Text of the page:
The severe weather that tore through the Southern United States during the week of January 22, 2012, provided us one of our first opportunities to see the advantages of dual-polarization weather radar in ESP:LIVE™.
Dual-polarization technology will not change standard radar products like reflectivity and velocity, but new products available with dual-pol will provide unprecedented insight into high-impact weather. Detection of giant hail, debris from damaging tornadoes, better flash flood warnings, and even identification of some winter precipitation is now possible.
A storm produced golf ball size hail just north of Colt, AR – about 40 miles west of Memphis. The Memphis radar is one of only a handful presently capable of displaying dual-polarization data.
Correlation Coefficient (abbreviated “CC”) – detects the diversity of objects that the radar detects. Lower values (highlighted in orange and yellow) that are co-located with thunderstorms can indicate the potential of hail, or hail mixed with raindrops, as in the example shown above. Correlation Coefficient can also be used to detect debris tossed about by a destructive tornado or even a flock of birds flying high above the radar.
Since the radar often detects objects such as hail well above the ground, it’s important for the meteorologist to know if the hail is melting in the sky or slamming into crops and cars before it melts.
Differential Reflectivity (abbreviated “ZDR”) – detects whether the object is shaped vertically, horizontally, or spherically. Gray and blue colors indicate that the radar is observing objects that are shaped like a sphere, while oranges and reds mean that the object has a horizontal shape. Meteorologists already know liquid water droplets have a greater horizontal shape, meaning that the hail is melting in the sky or mixed with raindrops, as seen on the right-hand side of the spotlight. However, on the left hand side, dry hail is falling because it appears to be “tumbling” to the radar. This tumbling suggests a spherical shape, meaning the dry hail is likely to make it to the ground without melting. Spotters reported hailstones of golf balls to the north and west of Colt, confirming what we see in the dual-polarization data!
You may ask if an easy-to-use product has been developed that can look at these seemingly complex variables to tell us the most likely type of precipitation falling from the sky. Indeed, there is.
Hydrometeor Classification Algorithm
Hydrometeor Classification Algorithm (abbreviated “HCA”) – detects the most likely type of object falling from the sky. It’s not always precipitation (but it usually is). Our analysis of the other dual-polarization products is backed up with what we see in the HCA. Areas of red show where the radar is detecting hail, while dark green indicates heavy rain. Hard-core meteorologists will also examine other dual-polarization radar moments, standard radar products (such as reflectivity and velocity), along with their experience and understanding of the environment that day to provide the best possible estimate of what’s actually happening. With dual-polarization capability comes another set of tools that will take months, if not years, of practice to fully utilize.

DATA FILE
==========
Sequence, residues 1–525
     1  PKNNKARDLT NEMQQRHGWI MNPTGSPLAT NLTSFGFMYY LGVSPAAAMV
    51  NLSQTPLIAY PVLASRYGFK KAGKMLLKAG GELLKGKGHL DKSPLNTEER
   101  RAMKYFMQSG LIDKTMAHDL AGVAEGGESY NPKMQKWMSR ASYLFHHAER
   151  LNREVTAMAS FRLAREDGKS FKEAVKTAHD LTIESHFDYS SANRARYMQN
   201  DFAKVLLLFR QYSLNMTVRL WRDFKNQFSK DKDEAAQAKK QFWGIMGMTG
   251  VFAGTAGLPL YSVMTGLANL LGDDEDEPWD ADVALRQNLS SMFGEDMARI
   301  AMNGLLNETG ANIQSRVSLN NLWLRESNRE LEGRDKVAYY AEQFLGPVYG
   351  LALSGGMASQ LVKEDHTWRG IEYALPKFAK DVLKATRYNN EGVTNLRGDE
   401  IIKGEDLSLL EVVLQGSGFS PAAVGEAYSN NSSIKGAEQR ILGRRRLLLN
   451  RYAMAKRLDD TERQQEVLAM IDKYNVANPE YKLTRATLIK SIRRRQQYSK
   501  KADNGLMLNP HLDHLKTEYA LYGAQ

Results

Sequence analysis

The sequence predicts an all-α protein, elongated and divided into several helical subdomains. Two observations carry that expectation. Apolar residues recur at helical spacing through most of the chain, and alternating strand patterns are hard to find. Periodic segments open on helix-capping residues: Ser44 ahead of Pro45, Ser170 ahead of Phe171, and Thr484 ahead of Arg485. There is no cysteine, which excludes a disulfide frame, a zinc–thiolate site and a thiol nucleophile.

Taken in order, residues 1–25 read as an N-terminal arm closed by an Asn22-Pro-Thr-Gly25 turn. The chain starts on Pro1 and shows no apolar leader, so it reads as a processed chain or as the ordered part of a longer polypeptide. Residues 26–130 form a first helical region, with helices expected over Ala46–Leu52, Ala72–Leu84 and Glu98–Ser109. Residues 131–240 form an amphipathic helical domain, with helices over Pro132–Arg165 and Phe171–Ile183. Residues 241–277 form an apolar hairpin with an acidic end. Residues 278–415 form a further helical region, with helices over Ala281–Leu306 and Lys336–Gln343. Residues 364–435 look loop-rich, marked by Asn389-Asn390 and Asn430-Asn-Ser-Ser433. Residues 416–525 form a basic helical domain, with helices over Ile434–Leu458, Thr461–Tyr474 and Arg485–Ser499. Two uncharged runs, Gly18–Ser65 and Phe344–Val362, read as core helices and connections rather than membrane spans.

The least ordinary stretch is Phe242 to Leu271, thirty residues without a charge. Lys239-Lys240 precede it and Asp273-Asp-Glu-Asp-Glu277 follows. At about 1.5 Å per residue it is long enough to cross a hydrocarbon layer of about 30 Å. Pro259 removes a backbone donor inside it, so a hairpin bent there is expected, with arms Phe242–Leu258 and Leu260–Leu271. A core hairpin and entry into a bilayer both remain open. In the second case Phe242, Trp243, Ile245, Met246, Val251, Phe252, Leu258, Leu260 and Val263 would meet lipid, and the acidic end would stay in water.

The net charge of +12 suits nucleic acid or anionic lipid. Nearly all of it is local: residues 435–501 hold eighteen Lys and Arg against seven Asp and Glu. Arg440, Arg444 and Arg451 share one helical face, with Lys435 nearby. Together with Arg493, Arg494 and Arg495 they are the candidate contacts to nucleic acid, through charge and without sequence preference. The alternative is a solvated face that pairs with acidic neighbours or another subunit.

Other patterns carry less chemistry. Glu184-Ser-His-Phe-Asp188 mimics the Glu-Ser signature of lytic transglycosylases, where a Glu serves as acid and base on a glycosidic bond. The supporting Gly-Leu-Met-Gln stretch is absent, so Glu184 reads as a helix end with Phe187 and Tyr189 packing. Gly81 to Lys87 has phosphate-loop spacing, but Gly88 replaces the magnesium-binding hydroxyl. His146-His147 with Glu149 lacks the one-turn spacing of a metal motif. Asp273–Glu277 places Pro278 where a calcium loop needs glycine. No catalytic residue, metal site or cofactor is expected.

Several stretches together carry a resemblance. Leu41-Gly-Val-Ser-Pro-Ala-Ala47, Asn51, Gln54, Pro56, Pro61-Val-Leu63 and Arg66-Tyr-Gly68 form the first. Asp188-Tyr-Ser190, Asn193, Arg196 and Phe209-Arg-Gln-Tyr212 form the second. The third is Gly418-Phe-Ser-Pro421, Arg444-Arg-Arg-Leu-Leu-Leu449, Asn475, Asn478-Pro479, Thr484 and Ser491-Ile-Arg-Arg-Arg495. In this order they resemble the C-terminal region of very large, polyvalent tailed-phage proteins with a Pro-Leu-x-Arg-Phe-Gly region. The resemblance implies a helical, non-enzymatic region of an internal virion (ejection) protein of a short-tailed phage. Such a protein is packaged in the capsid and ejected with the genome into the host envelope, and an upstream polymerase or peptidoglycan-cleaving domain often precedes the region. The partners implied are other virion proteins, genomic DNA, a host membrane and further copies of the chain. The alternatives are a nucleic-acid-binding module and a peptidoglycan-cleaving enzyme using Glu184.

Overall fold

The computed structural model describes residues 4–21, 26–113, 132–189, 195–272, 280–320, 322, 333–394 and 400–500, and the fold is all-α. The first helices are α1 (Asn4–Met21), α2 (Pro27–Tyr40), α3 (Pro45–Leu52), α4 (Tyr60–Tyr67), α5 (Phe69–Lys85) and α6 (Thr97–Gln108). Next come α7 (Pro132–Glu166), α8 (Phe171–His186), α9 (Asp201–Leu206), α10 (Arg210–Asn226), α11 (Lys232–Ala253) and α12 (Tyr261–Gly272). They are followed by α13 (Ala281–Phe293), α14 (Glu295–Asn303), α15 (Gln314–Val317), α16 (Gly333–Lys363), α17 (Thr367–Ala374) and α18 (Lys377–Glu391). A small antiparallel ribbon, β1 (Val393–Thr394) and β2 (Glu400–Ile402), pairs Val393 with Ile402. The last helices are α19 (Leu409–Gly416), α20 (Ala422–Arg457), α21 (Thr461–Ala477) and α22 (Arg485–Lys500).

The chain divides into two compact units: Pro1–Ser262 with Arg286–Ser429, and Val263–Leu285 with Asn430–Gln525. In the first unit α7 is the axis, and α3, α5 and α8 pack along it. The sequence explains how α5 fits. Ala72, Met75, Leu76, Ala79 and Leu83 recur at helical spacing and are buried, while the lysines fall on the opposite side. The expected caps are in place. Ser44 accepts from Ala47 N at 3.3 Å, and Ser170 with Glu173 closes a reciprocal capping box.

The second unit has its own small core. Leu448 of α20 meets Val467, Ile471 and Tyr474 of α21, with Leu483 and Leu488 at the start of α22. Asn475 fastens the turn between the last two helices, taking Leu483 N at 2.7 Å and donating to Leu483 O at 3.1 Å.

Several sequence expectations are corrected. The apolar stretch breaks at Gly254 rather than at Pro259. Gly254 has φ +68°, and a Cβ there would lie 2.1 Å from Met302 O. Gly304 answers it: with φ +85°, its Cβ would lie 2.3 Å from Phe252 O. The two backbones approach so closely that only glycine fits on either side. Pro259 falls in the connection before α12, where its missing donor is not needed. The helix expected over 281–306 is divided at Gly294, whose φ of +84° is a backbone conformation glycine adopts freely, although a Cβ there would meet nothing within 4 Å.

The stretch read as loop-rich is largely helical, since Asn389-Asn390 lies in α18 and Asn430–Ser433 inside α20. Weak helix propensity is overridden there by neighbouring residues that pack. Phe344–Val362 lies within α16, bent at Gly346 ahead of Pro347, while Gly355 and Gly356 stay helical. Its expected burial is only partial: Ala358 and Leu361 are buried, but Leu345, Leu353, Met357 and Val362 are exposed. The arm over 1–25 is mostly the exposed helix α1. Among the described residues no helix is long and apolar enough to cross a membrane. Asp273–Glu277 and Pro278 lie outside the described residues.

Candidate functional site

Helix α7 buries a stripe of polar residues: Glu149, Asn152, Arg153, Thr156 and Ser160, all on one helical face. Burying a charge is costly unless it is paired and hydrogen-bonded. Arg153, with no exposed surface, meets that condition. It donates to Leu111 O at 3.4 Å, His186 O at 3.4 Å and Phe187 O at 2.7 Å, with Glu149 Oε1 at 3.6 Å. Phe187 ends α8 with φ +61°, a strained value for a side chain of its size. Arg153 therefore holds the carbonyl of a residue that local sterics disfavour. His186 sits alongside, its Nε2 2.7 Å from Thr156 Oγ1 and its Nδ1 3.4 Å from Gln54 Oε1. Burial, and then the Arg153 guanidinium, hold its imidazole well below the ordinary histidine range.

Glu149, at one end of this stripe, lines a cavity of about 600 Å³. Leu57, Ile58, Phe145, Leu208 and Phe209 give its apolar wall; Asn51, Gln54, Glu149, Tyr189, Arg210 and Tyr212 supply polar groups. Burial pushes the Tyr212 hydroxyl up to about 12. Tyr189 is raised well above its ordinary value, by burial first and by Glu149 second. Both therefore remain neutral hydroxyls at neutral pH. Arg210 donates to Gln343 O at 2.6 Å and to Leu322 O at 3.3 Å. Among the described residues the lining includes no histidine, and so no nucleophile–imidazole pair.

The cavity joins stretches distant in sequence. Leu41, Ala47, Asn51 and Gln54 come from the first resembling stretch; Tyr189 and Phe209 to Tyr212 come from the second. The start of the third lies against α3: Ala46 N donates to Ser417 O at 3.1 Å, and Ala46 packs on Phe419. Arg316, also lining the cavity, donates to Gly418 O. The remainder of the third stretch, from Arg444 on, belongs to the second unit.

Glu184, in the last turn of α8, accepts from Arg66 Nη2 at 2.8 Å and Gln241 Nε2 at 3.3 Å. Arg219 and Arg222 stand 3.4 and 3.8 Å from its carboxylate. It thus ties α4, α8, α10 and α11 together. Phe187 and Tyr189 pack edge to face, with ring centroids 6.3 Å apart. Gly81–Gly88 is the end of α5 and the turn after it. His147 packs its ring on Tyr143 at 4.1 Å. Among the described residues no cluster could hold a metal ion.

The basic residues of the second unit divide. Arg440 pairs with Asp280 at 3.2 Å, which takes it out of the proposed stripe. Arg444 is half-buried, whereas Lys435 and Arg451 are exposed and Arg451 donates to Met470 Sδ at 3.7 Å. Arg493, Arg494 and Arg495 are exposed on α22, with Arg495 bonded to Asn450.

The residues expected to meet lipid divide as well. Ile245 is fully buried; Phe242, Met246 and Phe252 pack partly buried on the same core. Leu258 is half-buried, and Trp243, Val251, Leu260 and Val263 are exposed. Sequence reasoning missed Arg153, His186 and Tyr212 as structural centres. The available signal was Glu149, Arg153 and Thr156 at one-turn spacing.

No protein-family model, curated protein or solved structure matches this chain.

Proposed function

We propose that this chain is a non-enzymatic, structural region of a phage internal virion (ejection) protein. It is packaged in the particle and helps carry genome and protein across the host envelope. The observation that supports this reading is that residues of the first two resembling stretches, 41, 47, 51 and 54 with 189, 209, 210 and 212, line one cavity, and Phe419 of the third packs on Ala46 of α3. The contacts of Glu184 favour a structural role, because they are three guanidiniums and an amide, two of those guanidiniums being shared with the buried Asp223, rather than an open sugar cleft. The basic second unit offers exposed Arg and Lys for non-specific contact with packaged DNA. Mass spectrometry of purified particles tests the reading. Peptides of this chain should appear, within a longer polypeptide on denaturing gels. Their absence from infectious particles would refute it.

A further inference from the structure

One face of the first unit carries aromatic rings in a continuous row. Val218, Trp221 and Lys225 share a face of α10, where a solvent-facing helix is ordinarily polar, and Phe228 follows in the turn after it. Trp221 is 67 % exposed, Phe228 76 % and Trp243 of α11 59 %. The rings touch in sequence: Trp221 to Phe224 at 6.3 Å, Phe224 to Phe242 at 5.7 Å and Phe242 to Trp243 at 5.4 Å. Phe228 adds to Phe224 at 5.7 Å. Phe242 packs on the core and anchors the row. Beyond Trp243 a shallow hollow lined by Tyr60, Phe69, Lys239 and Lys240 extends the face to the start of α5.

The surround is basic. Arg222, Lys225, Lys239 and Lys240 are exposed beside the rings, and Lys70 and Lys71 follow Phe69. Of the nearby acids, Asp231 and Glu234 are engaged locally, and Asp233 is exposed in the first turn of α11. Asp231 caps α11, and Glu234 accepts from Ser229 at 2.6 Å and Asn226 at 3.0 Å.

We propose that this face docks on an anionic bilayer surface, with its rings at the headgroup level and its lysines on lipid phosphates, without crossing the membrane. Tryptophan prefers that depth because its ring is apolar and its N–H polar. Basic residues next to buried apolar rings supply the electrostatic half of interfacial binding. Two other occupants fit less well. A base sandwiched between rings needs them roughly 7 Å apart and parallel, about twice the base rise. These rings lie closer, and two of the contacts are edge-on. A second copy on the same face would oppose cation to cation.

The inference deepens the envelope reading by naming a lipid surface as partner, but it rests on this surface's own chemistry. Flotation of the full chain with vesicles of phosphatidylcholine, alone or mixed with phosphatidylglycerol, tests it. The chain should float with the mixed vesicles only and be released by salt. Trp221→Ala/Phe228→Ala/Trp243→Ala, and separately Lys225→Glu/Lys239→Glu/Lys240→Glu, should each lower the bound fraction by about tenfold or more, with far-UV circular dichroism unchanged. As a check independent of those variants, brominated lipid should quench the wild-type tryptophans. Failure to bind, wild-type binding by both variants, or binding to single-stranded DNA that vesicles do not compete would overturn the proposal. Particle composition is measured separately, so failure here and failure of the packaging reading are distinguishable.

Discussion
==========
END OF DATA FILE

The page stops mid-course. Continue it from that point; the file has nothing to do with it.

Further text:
Specific Differential Phase
Specific Differential Phase (abbreviated “KDP”) – left image on the following page – detects a heavy rain shaft associated with thunderstorms moving through Eastern North Carolina. Standard reflectivity (on the right) shows lots of yellows and oranges, which might indicate heavy rain, but sometimes can indicate hail or even melting snowflakes. KDP can only detect the concentration of water droplets, meaning that hail contamination and bright-banding won’t fool meteorologists into believing there’s heavy rain falling, when there really isn’t. In this case, high KDP is detected – giving meteorologists absolute certainty that heavy rain is occurring. KDP will be a powerful tool for detecting the potential for flash flooding.
Your Quick Guide to Dual-Polarization Products
|Product||Level 2 or Level 3||Level 2 Resolution||Level 3 Resolution|
|Correlation Coefficient||Both||0.5 deg x 250 m||1.0 deg x 250 m|
|Differential Reflectivity||Both||0.5 deg x 250 m||1.0 deg x 250 m|
|Differential Phase||Level 2 Only||0.5 deg x 250 m||N/A|
|Specific Differential Phase||Level 3 Only||N/A||1.0 deg x 250 m|
|Hydrometeor Classification||Level 3 Only||N/A||1.0 deg x 250 m|